The special audit of debt-ridden Dewan Housing Finance Limited conducted by KPMG has thrown up some murky details. India's fourth largest housing financier, currently being probed by the Enforcement Directorate in connection with its alleged link with global terrorist Dawood Ibrahim's aide Iqbal Mirchi, now stands accused of funds misuse.
Bankers in the know told The Economic Times that the KPMG audit found that DHFL disbursed loans and advances to inter-connected entities seemingly linked to its promoters, and repayments to the tune of Rs 12,541 crore by 28 such entities are untraceable. Moreover, loans and advances totalling Rs 24,594 crore were disbursed with inadequate loan documentation to 65 entities that had minimal operations. The auditors could not review eight entities because of lack of credit, technical and legal evaluation documents and loan paperwork.
In February, the Finance Ministry had directed DHFL's top three lenders - Bank of Baroda, State Bank of India and Union Bank of India - to initiate a detailed audit following allegations of fund diversion by investigative news portal Cobrapost in the previous month.
The portal alleged that the housing financier had sanctioned and disbursed large loans without filing any charge documents with the Ministry of Corporate Affairs (MCA) in most of the cases. The promoters, the Wadhawan family, were accused of siphoning off funds through a network of shell companies to create personal wealth. The expose pegged the size of the scam at Rs 31,000 crore.
In line with FinMin's directive, the Union Bank of India had appointed KPMG to carry out a special review of DHFL for the period between April 2015 and March 2019.
The audit further found that the valuation of land mortgaged as security at the time of loan requisition was not available for 21 entities -- DHFL offered principal and interest moratorium of 12-48 months to these entities with disbursements amounting to Rs 11,313 crore and the outstanding at Rs 9,313 crore. It had also offered interest moratorium of 15 months to 15 other companies with a loan exposure of Rs 8,970 crore.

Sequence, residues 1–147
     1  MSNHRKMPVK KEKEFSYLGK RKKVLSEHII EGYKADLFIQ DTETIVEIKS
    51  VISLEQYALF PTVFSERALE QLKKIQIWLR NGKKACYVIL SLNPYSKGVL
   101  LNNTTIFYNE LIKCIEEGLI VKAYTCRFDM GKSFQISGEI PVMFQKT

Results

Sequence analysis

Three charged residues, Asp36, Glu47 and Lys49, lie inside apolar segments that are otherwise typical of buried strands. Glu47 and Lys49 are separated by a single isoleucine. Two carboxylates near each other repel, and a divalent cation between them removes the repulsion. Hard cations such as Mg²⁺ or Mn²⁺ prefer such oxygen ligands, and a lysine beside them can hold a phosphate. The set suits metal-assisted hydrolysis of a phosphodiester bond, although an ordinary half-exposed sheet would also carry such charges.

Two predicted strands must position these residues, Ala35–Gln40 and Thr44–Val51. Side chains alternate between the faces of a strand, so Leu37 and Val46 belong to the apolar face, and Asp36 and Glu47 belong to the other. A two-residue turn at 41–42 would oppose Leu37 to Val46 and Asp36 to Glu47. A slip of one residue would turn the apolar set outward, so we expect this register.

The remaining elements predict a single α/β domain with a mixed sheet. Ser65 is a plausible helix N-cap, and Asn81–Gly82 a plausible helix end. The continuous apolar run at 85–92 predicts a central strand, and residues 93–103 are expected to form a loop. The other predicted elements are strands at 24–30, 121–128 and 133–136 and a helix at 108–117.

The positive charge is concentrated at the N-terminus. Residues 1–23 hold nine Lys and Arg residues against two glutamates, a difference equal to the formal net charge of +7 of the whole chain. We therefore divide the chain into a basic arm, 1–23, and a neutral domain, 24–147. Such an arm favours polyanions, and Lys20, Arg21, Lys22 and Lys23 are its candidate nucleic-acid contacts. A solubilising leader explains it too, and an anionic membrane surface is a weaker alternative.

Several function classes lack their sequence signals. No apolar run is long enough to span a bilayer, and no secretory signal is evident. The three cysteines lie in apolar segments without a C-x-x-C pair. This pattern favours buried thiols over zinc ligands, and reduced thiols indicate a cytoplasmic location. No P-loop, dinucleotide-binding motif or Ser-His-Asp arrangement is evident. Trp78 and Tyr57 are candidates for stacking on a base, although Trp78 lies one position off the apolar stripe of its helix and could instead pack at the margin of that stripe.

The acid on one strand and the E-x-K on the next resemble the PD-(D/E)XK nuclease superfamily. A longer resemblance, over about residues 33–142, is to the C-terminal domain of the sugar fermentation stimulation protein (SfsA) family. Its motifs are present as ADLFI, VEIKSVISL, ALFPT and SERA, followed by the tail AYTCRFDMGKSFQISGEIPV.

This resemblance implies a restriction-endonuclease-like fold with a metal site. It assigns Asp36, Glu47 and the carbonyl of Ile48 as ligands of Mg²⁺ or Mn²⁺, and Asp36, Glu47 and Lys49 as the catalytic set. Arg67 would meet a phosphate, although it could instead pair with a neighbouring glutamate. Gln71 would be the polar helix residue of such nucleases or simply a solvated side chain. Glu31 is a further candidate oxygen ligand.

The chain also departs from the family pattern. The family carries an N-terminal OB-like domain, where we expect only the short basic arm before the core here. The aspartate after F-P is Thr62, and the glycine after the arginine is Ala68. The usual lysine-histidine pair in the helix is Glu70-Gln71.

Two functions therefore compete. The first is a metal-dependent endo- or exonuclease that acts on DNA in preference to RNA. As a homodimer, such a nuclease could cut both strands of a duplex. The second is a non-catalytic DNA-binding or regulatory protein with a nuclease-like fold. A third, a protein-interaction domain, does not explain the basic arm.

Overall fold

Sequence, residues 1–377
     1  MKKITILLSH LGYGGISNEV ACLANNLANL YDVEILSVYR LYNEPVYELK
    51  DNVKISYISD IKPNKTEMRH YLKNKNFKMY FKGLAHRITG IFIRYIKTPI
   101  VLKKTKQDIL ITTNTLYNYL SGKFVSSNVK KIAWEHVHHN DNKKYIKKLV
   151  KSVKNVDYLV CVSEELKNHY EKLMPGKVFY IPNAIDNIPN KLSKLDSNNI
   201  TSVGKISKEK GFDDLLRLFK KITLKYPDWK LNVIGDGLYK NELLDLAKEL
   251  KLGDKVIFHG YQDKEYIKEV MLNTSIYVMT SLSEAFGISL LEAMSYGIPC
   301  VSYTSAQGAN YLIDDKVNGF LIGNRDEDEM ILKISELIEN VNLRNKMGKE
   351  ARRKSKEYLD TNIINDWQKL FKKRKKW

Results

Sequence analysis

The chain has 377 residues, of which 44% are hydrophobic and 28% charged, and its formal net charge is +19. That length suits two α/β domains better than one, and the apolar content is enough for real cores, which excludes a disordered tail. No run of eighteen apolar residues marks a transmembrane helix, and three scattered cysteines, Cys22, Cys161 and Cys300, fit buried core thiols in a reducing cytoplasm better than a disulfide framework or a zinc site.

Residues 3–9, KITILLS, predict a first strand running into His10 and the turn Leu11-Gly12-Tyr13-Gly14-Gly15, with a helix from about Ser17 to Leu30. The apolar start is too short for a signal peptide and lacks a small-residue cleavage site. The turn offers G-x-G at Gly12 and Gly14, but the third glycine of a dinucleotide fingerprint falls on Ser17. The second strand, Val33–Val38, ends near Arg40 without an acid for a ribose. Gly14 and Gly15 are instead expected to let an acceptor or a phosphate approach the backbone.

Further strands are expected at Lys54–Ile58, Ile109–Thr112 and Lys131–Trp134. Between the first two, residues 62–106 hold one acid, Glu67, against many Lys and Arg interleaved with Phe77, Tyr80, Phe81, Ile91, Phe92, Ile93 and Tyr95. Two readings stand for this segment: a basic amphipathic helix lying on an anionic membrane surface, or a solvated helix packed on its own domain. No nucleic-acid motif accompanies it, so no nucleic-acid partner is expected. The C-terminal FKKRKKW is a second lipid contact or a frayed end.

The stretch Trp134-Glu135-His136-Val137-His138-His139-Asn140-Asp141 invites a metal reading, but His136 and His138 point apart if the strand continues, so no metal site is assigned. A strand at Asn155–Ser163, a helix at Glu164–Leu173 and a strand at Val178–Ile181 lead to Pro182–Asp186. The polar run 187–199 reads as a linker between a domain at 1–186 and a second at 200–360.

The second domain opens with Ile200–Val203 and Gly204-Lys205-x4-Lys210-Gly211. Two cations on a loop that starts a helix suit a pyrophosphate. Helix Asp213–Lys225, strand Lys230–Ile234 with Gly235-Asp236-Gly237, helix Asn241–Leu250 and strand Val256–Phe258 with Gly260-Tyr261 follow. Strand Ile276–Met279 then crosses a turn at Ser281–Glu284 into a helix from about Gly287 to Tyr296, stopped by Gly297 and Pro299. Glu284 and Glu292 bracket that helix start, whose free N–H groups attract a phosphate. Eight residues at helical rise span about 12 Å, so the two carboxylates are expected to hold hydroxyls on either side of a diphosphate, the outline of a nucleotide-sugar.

The classification of these loans as secured could not be verified, KPMG reportedly said in the report, adding that the companies invested Rs 733 crore in DHFL's debentures and preference shares post loan disbursal. Last but not the least, loans were advanced to 13 slum-rehabilitation entities with disbursement amounts of Rs 6,335 crore, based on the assumption that property prices would increase 10-17 per cent over the next five years.
This development may not only throw a spanner into the company's debt resolution plans, including debt-equity swap, but also prompt its lenders to push for a change in the management. A price of Rs 54 per share was assumed for conversion of debt into equity by lenders to acquire 51 per cent in the company, DHFL said last month. This will see the stake of the Wadhawan family halve to 20 per cent.
As of July 6, DHFL had a debt of Rs 83,873 crore, of which over Rs 38,000 crore was owed to banks. The company was the worst hit by the liquidity crisis in the NBFC sector in the wake of the IL&FS debacle, and has defaulted on its obligations several times.
Meanwhile, its stock continues to take a hammering on the bourses. DHFL's stock price fell 4.9 per cent intraday to a 52-week-low of Rs 18.45 on the BSE on Thursday - after a similar drop in the past two days. The bourses have asked the company for clarification on the KPMG report and a reply is awaited.
Edited by Sushmita Agarwal
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